American Society of Mechanical Engineers, Pressure Vessels and Piping Division (Publication) PVP | Year: 2014

In fracture mechanics, several J-estimation schemes are based on the reference stress approach. This approach has been developed initially in the frame of the R5 rule for creep and R6 rule for elasto-plastic fracture assessments. Later other methods, based on the reference stress concept, where derived like the Js method introduced in the French RSE-M code en 1997 and the Enhanced Reference Stress (ERS) method in Korea around 2001. However these developments are based on the J2 deformation plasticity theory and well established for a pure power hardening law. Even in this latter case, the reference stress depends on the hardening exponent. Js and ERS attempt to minimize this dependence and propose some corrections for recorded behavior laws which cannot be fitted by a power law. However their validation has been established mainly on cases where the material behavior is governed by a Ramberg-Osgood (R0) law. The question may be raised, as for the bilinear hardening law case, of the existence of a reference stress for non RO laws. Copyright © 2014 by ASME.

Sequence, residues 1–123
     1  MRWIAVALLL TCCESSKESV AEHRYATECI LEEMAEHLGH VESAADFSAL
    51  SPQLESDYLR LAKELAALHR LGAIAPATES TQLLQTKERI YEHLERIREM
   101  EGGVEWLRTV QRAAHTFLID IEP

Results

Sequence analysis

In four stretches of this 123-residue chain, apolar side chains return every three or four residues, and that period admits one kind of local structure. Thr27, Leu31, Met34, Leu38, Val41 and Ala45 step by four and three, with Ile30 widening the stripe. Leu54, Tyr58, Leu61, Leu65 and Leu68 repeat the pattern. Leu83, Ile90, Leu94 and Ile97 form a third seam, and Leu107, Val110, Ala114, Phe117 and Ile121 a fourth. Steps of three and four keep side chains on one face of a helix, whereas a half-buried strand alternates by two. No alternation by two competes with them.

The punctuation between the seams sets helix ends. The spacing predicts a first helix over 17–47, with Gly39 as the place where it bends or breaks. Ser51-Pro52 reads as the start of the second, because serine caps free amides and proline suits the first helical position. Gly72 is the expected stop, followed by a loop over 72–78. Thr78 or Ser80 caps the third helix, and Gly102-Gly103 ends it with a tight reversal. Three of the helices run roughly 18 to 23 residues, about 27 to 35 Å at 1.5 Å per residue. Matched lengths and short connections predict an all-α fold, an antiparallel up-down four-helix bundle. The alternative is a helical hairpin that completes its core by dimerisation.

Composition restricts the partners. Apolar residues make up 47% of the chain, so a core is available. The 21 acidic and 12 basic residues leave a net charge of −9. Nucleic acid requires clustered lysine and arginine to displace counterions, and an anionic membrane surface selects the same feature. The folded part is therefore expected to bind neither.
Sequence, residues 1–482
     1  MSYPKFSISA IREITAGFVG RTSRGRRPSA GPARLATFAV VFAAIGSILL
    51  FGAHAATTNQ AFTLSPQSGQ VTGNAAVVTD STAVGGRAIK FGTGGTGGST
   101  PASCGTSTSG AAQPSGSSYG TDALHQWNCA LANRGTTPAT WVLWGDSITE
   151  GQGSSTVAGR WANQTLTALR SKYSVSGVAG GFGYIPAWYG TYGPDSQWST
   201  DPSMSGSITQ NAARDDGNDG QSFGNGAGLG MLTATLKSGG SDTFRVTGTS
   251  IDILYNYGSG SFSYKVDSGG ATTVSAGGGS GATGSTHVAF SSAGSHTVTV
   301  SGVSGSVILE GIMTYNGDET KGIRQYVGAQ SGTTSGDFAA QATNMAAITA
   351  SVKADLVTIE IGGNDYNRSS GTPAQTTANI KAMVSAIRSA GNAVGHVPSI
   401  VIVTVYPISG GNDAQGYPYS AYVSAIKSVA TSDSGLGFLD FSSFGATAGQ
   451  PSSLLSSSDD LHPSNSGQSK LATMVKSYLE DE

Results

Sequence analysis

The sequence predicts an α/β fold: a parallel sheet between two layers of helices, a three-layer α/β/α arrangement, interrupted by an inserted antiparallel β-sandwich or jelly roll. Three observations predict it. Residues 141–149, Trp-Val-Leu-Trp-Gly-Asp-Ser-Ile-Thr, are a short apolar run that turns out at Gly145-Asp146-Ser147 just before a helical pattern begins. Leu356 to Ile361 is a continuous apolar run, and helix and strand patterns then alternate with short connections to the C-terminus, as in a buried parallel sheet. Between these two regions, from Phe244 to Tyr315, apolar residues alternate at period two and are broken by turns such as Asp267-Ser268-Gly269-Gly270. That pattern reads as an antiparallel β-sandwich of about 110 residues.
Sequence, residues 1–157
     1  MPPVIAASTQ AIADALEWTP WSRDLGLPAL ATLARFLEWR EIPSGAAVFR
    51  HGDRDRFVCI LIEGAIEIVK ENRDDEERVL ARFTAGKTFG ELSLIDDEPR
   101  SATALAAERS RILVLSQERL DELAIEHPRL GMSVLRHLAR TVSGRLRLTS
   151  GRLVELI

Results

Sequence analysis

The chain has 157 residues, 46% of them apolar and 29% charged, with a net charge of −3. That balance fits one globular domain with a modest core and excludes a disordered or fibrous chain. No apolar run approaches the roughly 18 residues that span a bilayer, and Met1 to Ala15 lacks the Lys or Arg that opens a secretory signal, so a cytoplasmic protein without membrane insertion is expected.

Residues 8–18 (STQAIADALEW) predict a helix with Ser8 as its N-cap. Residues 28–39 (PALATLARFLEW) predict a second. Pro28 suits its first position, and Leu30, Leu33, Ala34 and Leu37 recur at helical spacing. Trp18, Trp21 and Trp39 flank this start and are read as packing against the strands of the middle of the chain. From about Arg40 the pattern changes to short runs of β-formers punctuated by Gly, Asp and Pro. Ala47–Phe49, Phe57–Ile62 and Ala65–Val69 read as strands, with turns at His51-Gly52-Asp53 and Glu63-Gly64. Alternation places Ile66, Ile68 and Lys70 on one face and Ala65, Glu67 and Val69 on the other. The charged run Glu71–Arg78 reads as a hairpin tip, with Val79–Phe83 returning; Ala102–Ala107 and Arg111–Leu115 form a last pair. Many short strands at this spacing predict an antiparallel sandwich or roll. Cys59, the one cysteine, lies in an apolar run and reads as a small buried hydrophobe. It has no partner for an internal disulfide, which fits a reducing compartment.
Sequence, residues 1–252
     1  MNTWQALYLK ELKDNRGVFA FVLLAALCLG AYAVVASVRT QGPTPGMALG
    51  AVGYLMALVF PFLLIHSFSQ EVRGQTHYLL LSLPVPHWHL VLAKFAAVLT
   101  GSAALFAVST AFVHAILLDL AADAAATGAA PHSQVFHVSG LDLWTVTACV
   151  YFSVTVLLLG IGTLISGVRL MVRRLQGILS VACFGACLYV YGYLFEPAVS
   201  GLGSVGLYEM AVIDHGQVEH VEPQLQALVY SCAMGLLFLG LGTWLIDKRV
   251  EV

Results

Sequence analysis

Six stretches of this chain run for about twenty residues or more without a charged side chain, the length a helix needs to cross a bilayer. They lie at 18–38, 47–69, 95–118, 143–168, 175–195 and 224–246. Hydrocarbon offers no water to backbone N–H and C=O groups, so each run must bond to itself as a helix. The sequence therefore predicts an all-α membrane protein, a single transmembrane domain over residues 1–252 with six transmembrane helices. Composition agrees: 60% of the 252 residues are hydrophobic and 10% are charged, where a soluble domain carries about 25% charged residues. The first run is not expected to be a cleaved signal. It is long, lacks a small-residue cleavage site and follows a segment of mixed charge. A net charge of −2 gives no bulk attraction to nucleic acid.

Robin V.,AREVA | Gilles P.,AREVA | Brosse A.,ESI France | Chaise T.,INSA Lyon
American Society of Mechanical Engineers, Pressure Vessels and Piping Division (Publication) PVP | Year: 2015